In the middle of the party, while the whole room was laughing at something he’d said, Mason threw himself face-down on the vinyl couch and began crying. At first, people thought it was more of his shenanigans. They laughed for a moment or two.
“Who’s sorry now?” he heard Tom say. There was uproarious laughter, but Mason kept crying.
“Hey, Mason. Mason,” someone said. It was a man’s voice, but he couldn’t tell whose.
A hand came to rest on his shoulder, and Margaret’s voice appeared in his ear. “Mason, dear, what’s the matter?” she said.
He tried to respond, but he could not open his mouth except to cry.
He sobbed violently for more than thirty minutes. The sounds of the party faded slowly in his ears, disappearing as his body gave itself over to weeping.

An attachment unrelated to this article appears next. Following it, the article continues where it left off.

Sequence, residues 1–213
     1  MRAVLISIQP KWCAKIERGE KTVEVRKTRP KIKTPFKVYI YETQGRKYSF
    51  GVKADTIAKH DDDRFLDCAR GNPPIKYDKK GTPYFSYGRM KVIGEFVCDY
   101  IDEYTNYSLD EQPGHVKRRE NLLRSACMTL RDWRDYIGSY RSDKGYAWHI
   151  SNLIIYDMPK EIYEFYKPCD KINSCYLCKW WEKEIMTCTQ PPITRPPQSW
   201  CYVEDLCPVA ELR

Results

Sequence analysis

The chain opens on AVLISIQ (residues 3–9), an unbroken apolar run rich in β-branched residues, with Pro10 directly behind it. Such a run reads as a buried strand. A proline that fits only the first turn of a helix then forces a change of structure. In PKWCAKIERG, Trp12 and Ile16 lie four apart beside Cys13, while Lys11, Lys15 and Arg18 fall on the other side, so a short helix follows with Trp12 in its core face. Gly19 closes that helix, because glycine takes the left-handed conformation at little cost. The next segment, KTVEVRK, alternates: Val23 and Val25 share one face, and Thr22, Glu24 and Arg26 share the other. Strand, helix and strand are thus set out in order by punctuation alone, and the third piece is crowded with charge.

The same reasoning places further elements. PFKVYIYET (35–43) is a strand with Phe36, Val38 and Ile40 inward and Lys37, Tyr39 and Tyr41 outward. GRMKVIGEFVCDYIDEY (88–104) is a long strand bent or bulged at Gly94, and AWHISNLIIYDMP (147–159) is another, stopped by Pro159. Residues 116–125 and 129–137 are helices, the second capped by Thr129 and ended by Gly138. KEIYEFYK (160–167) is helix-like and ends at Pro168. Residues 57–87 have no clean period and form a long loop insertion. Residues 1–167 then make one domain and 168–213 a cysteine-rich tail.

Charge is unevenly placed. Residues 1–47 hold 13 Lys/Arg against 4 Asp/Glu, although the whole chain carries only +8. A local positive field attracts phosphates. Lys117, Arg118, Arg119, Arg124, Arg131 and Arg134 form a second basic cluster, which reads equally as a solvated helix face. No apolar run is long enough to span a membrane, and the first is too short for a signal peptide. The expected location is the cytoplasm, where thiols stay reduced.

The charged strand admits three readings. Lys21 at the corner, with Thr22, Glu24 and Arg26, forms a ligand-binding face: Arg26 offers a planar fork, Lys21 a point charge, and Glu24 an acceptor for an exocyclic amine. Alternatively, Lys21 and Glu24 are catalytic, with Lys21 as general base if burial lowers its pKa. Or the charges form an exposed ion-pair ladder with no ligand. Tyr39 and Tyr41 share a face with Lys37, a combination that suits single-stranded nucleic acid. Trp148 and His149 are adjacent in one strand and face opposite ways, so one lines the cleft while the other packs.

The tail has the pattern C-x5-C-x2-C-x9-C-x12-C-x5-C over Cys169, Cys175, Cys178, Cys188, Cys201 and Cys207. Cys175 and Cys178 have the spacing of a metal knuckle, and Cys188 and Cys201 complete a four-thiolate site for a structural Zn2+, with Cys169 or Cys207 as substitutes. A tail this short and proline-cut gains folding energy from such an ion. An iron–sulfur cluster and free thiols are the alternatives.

When he finally did stop crying, his head ached like it had been split with an ax. His wet face was raw from chafing against the couch. He lifted his head. A band of snot clung at one end to his nose, at the other end to the vinyl upholstery. He wiped at the snot with the back of his hand and turned to face the room.
The entire party had moved out of the house and into the backyard. A pale bluish glow of patio lanterns filtered into the room. The air had a crispness in it that came from the open vents below the window. Faint laughter mixed with the sound of music playing low. He filled his lungs with fresh, cool air.
It is not far off, he realized. The fall.